Big Bus Project visits Cumberland

Anyone visiting the campus of Cumberland University Thursday might have been surprised to see a red double-decker bus. Even more surprising, the bus turned out to be a mobile thrift store filled with students looking for bargains.
Oct 12, 2012
RB1  Photo: Mary E. Hinds

CU Seniors Jessica Taylor (left) and Ashley Pratt look over some fashions on the Big Red Bus, a traveling thrift store that raises money to aid orphans.
RB 2  Photo: Mary E. Hinds

Several Cumberland University students checked out the items for sale at the Big Red Bus, on campus to raise money for a worthy cause.

 

Anyone visiting the campus of Cumberland University Thursday might have been surprised to see a red double-decker bus. Even more surprising, the bus turned out to be a mobile thrift store filled with students looking for bargains.

The bus is part of the Show Hope project, a non-profit organization that works to meet the most pressing needs of orphans in distress by providing homes for waiting children through adoption-aid grants, and by providing life-saving medical care for orphans with special needs. The local chapter of the organization is based in Franklin.

"It's an effort to invite college students to be involved in orphan care," said Chris Wheeler, Show Hope's director of student initiatives. "College students can donate clothes, shop and, at the same time, make a difference. They are able to engage with the orphan crisis while doing something they already love to do - thrift store shopping."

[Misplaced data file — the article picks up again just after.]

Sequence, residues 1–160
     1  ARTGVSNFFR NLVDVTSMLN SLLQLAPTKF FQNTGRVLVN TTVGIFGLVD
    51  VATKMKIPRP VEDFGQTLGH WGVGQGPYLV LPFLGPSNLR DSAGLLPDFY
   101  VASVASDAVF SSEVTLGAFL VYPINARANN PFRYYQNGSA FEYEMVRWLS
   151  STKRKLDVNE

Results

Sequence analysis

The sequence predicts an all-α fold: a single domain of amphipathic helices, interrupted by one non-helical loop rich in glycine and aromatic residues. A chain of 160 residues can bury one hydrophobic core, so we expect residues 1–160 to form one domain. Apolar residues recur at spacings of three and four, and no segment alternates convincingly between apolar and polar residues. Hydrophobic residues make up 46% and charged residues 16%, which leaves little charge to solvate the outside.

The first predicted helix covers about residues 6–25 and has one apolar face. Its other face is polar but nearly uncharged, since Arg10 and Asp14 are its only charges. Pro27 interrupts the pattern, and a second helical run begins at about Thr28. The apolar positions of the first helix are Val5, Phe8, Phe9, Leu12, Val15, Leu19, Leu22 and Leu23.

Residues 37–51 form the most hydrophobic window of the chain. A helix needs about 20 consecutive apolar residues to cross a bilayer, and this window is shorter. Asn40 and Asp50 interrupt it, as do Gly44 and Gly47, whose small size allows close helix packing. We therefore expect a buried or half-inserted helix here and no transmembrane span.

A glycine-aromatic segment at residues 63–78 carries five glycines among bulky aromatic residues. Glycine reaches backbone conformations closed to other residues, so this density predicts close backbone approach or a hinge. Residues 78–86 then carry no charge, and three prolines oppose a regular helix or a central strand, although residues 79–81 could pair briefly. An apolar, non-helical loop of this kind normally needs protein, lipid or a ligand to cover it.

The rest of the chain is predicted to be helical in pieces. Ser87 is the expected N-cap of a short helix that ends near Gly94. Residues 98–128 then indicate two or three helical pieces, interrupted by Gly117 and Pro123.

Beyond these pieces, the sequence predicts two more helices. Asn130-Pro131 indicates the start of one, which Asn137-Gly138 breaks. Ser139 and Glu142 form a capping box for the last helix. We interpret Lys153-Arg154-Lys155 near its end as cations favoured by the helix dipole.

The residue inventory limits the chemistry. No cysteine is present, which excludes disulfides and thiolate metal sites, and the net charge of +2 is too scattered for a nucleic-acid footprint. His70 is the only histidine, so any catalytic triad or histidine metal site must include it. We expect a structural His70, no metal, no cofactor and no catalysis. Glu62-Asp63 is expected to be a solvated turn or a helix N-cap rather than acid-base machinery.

He said the bus travels from college to college, collecting donated clothes and then selling them there or at the bus' next destination while spreading awareness about the needs of orphans and raising money for orphan care.

Wheeler said organizers, himself among them, realized early on that while college students may not have a lot of money, they do have stuff.
Show Hope mobilized students to use their stuff to help orphans, by starting the rolling thrift store from which the proceeds would benefit orphan care and adoption advocacy efforts. Students can donate their stuff or simply shop.

Angela Cortes was busy helping customers outside the bus.

"We donate all the proceeds from the sale to orphans," she said.

Savvy shoppers were on the hunt for good deals, not only on the bus, but at several booths around the bus.

CU students Ben Turner and Daniel McFadden were busy searching the $5 booth for new-to-them clothes.

"I'm trying to find something in my size," Turner said as he dug in the bin.

"I'm getting some good bargains," said Rocio Mason, of Lebanon, while looking through the selection on the bottom floor of the bus.  

Libby O'Guin, director of Student Life at CU, was instrumental in bringing the bus to campus.
"I have two or three campus service opportunities a month," she said. "We've been preparing for a while by having students clean out their closets and donate."

She said CU would also have out bins periodically to encourage more donations even after the bus has rolled on to another college.

Wheeler said the program gives students a way to contribute while they are still in school.

"College students are part of the solution to end the orphan crisis," Wheeler said.

Staff writer Mary Hinds may be reached at 444-3952, ext. 45 or maryhinds@lebanondemocrat.com

 

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